Let’s now try to establish elements of income includ-ed in the Employment Income definition in Sec 18 (1). The definition of Employment Income (which is liable to tax) is stated in the Act as “a payment or benefit arising from an employment” net of the exclusions al-ready mentioned by the sub-sections above. This can be interpreted to mean that all we derive from our employment should be included in our Employment Income.

The holiday trips and the prizes we may have won from our employers all constitute part of our Employment Income, because these are amounts arising from an employment. If the Act says that for amounts received to be treated as employment income, they have to be arising from employment, then an employment link is necessary as a condition for the income to be quali-fied as arising from Employment.

It becomes evident that for the prize value to be in-cluded in Employment Income, it has to be arising from “an employment ”.

Say, for instance, that one Mr. Apple is an employee at a Lesotho subsidiary of a foreign company; the

Le-Gross Income,

what is it

?

By Sera Falatsi

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sotho subsidiary has its own legal persona, separate from that of the mother company in the foreign land. My employment is with the subsidiary in Lesotho, and its legal jurisdiction is Lesotho, and not anywhere else. Mr. Apple is not legally employed by the parent company.

If the mother company awards prizes to all its em-ployees, and those of its subsidiaries as a motivational tools, should the value of the prizes be included as Employment Income?

Is this benefit arising from my “employment”? Re-member, Mr. Apple does not have any employment contract with the mother company, and the com-pany giving the benefit is the mother comcom-pany. Should the amount received be included in his Em-ployment Income “arising from an emEm-ployment” as the definition is Section 18 states?

Remember, Employment income arises from “an employment”, with whom, then, should one be hav-ing this employment? The person givhav-ing the amount or the one he is employed by in the subsidiary? It is clear enough from the wording of the Act that em-ployment is an “indispensable preliminary condition” before income is received, in order for the income to be considered as Employment Income. In the pres-ent case there is an employee, an employer and the giver of the amount, who does so on his /her own be-half, and not for or on behalf of the employer. If this benefit is arising from an employment, then two questions have to be answered in the affirmative . 1. Is it the cause without which the gift would have not been received? In other words, is the employ-ment the causa sine qua non of the gift?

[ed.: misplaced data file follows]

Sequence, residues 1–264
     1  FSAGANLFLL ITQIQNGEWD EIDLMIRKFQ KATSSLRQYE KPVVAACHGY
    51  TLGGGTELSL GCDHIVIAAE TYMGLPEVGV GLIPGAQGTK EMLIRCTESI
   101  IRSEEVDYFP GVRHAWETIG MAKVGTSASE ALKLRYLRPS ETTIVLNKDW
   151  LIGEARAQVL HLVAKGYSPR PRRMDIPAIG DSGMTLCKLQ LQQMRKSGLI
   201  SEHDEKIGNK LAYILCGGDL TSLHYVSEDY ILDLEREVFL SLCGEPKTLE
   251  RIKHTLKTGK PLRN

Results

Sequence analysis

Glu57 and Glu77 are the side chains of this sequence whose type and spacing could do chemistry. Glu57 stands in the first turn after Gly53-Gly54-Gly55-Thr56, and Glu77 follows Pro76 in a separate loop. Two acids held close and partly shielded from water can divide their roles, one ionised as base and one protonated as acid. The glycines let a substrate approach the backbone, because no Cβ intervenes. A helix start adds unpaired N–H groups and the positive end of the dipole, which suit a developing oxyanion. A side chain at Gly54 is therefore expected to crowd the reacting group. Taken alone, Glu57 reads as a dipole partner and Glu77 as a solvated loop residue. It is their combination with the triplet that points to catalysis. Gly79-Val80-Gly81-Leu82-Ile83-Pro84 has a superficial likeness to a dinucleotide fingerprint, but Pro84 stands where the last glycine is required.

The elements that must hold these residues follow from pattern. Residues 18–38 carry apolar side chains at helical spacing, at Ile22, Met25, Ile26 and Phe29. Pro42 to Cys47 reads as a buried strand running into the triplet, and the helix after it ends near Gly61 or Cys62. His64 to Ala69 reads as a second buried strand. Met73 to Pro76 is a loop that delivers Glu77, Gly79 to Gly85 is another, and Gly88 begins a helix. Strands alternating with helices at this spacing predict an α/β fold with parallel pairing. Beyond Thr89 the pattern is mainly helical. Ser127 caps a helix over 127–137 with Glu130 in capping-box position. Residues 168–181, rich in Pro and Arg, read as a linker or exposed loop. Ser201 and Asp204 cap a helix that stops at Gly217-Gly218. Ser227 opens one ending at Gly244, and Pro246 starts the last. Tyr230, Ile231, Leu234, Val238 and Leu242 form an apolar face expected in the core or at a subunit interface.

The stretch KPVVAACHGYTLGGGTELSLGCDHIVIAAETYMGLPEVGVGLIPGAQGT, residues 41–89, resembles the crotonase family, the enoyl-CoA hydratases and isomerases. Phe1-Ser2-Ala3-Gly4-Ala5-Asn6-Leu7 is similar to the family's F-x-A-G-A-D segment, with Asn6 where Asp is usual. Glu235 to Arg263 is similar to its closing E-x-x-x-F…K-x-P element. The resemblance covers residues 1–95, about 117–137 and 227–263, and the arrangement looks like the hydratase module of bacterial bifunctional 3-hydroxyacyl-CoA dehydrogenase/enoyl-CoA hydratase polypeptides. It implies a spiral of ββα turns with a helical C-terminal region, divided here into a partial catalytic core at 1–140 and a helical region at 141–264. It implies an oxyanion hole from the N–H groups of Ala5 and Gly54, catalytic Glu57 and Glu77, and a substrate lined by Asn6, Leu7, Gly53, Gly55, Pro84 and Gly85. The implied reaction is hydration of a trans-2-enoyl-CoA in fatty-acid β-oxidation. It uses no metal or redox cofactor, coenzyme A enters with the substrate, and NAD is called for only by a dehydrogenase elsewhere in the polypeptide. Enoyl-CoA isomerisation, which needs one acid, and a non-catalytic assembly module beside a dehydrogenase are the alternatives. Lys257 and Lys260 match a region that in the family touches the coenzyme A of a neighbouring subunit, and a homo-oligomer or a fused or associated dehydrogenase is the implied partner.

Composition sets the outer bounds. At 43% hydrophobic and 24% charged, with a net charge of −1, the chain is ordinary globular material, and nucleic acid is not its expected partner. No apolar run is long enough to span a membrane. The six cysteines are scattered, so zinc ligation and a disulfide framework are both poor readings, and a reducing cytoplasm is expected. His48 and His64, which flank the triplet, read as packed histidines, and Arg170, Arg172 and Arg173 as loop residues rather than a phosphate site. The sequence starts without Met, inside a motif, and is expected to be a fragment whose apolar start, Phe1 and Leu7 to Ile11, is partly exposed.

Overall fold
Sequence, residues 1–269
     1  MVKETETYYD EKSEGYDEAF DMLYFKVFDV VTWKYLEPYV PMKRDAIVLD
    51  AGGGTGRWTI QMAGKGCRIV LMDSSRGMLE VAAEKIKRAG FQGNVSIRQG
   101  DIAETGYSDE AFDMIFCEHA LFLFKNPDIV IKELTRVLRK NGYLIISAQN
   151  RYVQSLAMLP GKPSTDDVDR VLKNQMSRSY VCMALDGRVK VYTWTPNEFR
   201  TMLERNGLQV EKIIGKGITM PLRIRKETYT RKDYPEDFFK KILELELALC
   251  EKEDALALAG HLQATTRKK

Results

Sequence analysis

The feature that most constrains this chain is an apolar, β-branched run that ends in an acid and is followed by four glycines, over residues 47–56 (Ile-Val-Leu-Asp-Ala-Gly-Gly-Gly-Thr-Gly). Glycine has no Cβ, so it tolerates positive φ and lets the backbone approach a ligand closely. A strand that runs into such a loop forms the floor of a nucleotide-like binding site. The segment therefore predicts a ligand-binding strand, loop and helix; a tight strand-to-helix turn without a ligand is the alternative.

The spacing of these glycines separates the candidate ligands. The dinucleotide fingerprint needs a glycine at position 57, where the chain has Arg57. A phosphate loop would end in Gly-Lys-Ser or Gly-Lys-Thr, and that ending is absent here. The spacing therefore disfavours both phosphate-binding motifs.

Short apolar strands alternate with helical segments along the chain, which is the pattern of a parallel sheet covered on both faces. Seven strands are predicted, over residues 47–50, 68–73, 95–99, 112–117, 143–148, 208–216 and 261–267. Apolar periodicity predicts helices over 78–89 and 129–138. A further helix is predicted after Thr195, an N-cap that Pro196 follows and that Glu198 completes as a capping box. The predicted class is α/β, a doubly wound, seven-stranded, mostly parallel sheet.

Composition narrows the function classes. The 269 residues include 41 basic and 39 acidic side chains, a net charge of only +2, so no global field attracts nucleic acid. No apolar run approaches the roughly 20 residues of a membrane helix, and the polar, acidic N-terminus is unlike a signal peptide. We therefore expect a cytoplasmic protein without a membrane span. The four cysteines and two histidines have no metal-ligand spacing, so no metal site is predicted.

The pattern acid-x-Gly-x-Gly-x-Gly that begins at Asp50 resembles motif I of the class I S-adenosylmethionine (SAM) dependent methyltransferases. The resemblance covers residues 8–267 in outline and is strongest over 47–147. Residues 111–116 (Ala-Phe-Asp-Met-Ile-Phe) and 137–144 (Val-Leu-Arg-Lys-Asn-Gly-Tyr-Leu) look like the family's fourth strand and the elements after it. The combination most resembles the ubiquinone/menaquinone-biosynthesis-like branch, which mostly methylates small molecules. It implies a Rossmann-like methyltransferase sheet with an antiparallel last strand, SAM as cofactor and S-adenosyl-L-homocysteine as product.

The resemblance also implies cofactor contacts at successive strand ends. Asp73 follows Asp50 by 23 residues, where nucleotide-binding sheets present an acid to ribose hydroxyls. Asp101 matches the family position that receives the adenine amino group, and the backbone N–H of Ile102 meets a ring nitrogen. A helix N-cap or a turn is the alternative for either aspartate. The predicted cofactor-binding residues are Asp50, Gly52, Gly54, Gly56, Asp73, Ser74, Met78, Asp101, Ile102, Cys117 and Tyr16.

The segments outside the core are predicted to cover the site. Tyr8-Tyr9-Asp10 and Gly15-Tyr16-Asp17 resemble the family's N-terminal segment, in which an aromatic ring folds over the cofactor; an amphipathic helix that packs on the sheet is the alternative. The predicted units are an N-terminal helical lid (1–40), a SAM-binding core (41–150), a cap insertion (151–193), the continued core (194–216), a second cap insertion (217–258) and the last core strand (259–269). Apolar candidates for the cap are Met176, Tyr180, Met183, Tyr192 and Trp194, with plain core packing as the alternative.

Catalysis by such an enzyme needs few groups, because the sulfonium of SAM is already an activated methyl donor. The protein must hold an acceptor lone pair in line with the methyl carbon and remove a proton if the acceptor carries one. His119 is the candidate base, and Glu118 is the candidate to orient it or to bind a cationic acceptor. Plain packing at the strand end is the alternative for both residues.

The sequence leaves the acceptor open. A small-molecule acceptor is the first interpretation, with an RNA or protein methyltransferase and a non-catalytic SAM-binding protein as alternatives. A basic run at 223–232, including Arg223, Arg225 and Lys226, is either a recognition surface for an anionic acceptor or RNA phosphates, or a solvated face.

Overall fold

2. Is the employee’s employment the causa causans for receiving the gift?

The law says that this income “should be a benefit arising from an employment.”

In establishing this kind of relationship between the gift and the employment, we ask if the employment is the causa sine qua non for the gift. Would the gift still be awarded if there was no employment? The an-swer is obviously ‘No’; the gift would have not been awarded if it was not for the employment. The em-ployment therefore passes the causa sine qua non test. It is a condition without which, the prize would

have not been awarded, and meaning there exists a basic “casual nexus” between the prize and the employment.

The second question is answered by considering if the employment is the real, or proximate cause, or the causa causans for receiving the gift. A causa cau-sans is the primary cause, or originator of an action. If income is received from an employment, then it should be included in Employment Income in terms of Section 18 (1). If the employment is the source that has given rise to the amount received, then the “em-ployment” is the causa causans for the gift.

Now, has Mr. Apple rendered his skills, time and capi-tal to him who has awarded him the gift? Are his ser-vices being performed for the company which gave him the Prize? Obviously, he has not been in the em-ploy of the parent company and the Prize Money he received is not for any service he rendered in fulfill-ment of terms of employfulfill-ment with it. It is a fortuitous amount received from a non-employer.

Can we now say, having considered the definition of “arising from an employment,” that this prize money has met the two conditions necessary for “Employ-ment Income”, namely the causa sine qua non and the causa causans tests?